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T. E. Lawrence to Eric Kennington


[Karachi]

16. VI. 27.

Dear K.,

Perhaps I gave the 'Cheshire Cat' to a man called Richards, who lives at 3 Loudoun Road St John's Wood. He keeps all my books (not so many as the word 'all' sounds) and has, I think a picture or two, also. Let's hope so. I liked the C.C. If one had tickled it, it would have grinned.

You are an odd person. You say in every letter that your work does not go well: but that your family does. Why, it's the reverse. Your family is only two: whereas your successful works run into dozens: perhaps into hundreds. You can draw, and paint and sculp. Everything you attempt becomes about the best of its sort. Midas wasn't in it. Presumably he wanted gold. You, perhaps, subconsciously don't. At any rate, if you do, you haven't perhaps succeeded. It's about the only direction, though, in which you have not scored heavily: and I prophesy that in time you will achieve that too. 'Kenningtons' will be good investments.

Compare us. I've tried to sculp:- failure: to write:- failure. I've made other people a lot of money: but can't bear to keep any of it for myself. l've argued myself out of creation: and go on living because it is the line of least resistance, and go on learning because the more one learns the less one knows, and some day I may attain perfect ignorance, that way.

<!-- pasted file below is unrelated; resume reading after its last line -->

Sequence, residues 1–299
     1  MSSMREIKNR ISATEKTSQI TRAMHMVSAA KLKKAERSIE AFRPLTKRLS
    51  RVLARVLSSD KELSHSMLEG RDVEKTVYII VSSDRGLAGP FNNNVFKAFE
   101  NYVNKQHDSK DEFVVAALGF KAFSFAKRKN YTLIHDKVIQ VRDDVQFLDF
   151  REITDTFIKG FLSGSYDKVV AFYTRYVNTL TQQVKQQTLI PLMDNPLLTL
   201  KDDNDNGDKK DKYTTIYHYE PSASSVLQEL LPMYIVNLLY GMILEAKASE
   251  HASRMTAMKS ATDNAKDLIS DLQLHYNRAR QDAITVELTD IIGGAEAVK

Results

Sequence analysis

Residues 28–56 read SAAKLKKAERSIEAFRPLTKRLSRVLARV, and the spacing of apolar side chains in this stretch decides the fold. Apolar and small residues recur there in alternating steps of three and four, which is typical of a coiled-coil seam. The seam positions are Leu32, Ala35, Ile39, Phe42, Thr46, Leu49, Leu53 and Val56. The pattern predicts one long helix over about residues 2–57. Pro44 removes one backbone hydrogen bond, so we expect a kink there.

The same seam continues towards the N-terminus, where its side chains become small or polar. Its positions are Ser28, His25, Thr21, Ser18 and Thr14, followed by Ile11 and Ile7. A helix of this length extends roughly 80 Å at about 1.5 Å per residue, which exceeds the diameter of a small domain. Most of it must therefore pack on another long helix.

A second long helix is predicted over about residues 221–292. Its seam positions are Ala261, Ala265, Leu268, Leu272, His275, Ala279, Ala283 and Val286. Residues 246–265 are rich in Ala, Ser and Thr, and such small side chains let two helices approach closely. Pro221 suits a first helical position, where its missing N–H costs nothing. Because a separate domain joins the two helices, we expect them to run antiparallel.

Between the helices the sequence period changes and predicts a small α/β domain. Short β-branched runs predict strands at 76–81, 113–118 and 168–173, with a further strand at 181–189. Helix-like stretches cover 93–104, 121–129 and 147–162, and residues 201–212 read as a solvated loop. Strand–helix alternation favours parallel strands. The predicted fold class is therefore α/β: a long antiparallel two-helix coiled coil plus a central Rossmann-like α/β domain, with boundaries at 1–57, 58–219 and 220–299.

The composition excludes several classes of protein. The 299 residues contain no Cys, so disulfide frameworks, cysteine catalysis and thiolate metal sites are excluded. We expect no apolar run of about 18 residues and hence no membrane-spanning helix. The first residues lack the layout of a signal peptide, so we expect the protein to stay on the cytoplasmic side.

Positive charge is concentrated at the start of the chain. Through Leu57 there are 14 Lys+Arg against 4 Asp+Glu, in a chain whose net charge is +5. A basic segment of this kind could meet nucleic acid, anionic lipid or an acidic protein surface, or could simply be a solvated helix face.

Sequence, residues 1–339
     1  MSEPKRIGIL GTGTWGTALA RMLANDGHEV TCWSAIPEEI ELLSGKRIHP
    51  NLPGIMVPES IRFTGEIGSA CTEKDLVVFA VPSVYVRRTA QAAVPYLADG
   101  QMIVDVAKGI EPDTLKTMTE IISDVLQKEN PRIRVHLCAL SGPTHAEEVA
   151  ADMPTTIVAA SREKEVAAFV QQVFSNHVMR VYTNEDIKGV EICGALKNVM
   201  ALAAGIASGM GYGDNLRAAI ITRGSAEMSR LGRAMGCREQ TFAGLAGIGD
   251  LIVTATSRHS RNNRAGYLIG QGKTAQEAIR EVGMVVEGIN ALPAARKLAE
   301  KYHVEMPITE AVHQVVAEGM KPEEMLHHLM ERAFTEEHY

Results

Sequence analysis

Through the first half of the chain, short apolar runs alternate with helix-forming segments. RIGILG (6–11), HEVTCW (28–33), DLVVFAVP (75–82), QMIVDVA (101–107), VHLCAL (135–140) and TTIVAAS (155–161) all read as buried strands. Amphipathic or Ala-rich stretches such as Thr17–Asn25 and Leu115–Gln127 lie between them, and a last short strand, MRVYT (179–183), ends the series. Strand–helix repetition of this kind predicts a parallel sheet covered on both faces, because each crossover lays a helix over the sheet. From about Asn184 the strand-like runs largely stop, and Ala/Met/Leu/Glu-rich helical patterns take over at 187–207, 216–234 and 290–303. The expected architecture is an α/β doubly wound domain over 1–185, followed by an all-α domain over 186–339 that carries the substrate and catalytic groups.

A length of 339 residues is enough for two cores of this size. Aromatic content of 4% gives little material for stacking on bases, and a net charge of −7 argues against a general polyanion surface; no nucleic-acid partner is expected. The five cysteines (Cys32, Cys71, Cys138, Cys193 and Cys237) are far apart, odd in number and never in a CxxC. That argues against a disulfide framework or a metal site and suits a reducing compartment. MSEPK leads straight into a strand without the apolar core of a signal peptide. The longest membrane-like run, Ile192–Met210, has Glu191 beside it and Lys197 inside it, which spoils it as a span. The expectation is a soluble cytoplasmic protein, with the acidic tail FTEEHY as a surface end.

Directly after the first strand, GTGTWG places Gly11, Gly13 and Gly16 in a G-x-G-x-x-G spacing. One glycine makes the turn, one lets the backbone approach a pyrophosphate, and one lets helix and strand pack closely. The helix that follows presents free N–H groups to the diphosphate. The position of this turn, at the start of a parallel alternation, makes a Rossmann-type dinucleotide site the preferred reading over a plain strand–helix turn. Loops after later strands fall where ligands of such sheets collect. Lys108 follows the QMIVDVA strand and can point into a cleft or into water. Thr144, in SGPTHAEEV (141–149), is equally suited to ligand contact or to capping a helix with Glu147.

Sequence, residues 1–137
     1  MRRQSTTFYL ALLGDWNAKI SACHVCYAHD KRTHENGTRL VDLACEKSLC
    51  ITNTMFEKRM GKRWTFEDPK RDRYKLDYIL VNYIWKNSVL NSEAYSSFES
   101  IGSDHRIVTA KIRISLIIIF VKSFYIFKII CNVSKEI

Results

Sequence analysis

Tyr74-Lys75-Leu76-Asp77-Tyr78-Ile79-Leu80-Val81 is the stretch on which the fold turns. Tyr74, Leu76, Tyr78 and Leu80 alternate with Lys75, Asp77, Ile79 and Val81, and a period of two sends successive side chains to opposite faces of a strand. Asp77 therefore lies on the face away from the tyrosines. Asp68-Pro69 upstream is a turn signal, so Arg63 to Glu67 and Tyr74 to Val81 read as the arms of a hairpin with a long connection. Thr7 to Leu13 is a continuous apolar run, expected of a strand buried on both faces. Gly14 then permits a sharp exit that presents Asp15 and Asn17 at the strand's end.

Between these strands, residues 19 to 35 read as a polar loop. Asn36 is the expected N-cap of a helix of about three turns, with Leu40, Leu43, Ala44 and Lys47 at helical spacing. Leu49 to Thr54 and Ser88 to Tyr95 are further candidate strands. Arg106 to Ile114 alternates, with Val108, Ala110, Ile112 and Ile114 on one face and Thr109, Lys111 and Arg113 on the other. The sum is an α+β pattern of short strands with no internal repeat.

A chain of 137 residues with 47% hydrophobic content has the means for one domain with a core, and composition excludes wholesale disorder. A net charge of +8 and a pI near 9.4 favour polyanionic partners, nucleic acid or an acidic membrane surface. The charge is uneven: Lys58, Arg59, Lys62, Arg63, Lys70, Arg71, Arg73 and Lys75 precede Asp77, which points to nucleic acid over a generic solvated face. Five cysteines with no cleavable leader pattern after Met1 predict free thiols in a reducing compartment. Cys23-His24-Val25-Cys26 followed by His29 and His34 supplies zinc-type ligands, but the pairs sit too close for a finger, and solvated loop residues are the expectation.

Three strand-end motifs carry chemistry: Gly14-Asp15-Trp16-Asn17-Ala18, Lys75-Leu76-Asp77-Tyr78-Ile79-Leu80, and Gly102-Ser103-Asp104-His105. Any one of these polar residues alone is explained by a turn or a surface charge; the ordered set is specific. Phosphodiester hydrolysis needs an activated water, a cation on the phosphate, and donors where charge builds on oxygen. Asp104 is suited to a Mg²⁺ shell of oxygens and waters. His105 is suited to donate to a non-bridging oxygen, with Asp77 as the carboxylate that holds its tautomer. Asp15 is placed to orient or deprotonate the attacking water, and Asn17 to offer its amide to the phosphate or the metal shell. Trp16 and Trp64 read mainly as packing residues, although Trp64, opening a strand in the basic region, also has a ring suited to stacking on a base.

Hoots.

Wilson' tells me a Seven Pillars fetched £500, for U.S.A. I hope it will be yours!

The picture of you and C. sitting in Holly Copse and reading the great thing would have inspired me, had I been a comic artist, to a sheer masterpiece! However.

Many thanks for Ulysses. It is even worse to read than I had hoped. Months: and such dull stuff. Joyce is a genius, but an unlucky one. His writing has the architectural merit of Balham. It goes on for ever, and needn't ever vary in spirit. Why not try a bust of Joyce?

Many thanks for the Auda proof. It has gone on to make old Banbury rejoice. What a thing for the 1st Armoured Car Company when they see their Sergt. Major skipping like a young ram!

I wonder how you settled your war memorial. Accepted it, of course: but are you trampling on the committee?

Dobson once sketched a war memorial in clay. A single file or four or five earth-bound naked figures, marching in step, very close together, weighed down by a huge weight they jointly carried. The idea was good: the shape and outline good, from every angle. And simple. Good for D.

T.E.S.

Do you really like naked women? They express so little.

Source: DG 523-524
Checked: dn/
Last revised: 12 February 2006


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